Lastly, I'm deaf in one ear. This one began about six or seven years ago. One day, I woke up with a massive vertigo attack. I was supposed to be on plane to New York that day. I was diagnosed with Ménière's disease, which is a balance disorder that causes vertigo, ringing in the ear and hearing loss. I eventually lost hearing in one ear. I can only hear 20 percent out of that ear without a hearing aid.
SHRM Online: How have your disabilities impacted your time in the workplace?
Yarnot: I spent the first five or six years hiding my migraines [at work] until I found a supportive manager. There would be instances where I'd be in bathroom vomiting in pain due to the migraines. I had multiple instances where I had to have someone pick me up from work because I couldn't drive home. My friend had to drive me with a leather jacket over my head because I needed darkness.
I've hidden under my desk. I've locked myself in dark conference rooms to hide myself from people. I've gone out to my car in parking lots because it's cold and silent there, which can help alleviate the pain. I've had to walk out of meetings that I was facilitating because I couldn't function. Those have been some of my lowest points.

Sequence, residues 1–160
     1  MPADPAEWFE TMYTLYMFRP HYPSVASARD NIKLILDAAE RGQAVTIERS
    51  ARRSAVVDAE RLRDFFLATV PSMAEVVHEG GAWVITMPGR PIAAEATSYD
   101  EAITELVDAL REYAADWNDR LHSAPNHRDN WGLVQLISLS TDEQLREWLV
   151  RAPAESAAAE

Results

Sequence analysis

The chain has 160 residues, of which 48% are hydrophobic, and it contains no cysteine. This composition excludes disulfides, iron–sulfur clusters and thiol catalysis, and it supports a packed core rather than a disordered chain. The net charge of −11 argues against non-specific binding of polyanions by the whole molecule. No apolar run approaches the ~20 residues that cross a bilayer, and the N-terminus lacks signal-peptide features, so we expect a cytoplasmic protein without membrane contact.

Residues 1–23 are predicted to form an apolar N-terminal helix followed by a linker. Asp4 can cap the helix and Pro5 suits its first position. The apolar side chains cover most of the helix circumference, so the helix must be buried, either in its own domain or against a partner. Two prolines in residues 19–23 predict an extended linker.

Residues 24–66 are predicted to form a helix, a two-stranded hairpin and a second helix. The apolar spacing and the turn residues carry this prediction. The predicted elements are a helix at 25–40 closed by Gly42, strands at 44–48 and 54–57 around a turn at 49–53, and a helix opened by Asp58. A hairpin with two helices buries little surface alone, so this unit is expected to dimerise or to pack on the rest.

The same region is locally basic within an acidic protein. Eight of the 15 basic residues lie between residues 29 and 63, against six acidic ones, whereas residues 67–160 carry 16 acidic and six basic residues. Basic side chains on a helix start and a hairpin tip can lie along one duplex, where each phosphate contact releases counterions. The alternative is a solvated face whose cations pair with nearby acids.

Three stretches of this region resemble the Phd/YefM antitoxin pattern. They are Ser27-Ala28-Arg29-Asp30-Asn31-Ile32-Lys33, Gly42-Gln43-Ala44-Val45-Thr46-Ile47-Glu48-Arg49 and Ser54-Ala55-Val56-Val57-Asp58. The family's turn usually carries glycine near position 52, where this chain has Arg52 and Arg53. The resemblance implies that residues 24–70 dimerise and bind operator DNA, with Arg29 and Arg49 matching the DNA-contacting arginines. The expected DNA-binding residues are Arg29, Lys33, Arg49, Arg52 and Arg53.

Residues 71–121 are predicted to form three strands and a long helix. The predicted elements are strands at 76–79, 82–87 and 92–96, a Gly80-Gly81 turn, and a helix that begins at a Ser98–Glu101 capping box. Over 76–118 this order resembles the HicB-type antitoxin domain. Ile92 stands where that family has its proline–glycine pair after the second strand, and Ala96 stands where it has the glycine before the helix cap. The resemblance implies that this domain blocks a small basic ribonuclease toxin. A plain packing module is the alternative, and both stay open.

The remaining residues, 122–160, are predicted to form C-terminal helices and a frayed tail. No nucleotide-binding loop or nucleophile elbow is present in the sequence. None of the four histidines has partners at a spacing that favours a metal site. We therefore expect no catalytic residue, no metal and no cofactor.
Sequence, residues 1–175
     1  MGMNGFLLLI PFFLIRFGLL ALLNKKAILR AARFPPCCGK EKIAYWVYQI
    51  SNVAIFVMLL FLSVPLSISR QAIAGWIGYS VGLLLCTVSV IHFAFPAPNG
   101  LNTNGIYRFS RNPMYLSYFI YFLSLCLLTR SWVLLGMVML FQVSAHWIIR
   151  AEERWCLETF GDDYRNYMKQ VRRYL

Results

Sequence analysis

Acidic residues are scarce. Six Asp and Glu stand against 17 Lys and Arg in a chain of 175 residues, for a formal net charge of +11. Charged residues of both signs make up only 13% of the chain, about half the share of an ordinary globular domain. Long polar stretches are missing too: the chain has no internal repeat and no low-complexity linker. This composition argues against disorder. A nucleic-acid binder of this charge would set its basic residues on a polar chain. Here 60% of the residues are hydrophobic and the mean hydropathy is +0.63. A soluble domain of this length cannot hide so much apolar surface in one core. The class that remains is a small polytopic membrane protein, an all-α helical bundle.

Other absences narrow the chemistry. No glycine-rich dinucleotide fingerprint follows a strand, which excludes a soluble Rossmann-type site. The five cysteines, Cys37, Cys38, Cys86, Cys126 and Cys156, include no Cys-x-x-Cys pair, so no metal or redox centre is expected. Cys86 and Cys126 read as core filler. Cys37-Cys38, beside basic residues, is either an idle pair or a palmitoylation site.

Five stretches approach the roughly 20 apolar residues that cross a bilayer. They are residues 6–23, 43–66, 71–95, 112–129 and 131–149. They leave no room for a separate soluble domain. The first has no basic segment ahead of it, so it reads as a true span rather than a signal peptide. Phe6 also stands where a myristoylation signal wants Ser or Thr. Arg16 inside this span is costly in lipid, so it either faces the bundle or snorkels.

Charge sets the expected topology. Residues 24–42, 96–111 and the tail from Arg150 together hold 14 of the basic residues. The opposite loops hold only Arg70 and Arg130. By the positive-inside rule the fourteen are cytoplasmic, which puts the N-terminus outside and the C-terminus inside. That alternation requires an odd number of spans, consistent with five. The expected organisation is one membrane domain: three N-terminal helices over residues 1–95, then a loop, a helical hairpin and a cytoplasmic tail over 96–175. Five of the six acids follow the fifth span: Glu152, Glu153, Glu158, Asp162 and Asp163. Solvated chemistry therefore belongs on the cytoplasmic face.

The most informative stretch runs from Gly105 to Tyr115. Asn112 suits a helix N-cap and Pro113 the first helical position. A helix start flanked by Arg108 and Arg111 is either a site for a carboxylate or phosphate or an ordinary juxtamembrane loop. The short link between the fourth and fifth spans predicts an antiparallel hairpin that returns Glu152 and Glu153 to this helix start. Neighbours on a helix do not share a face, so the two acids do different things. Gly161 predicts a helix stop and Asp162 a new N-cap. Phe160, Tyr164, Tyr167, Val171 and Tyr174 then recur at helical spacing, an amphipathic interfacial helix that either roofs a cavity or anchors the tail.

With only one eye, I have no depth perception. I encourage people to walk around with an eye patch—that's what it's like. The world is flat to me. You have light and shadows to help your brain figure out where things are. But darkness is a problem. I will occasionally walk into walls. I will run ahead of everyone to get in a conference room to get a good spot where I can see. There are only a few places where I'm comfortable sitting.
I have challenges in an open-office environment. Anything that is low-light is difficult. If we turn lights off to see a presentation, that's difficult. Or an outdoor evening reception where the lights are down. Recently, I literally couldn't see where I was going during an outdoor event, so I had to hold onto the back of my CEO to navigate. When I have public speaking engagements, I ask the organizers to mark the edge of the stage with bright tape so I don't accidentally fall off the front of the stage.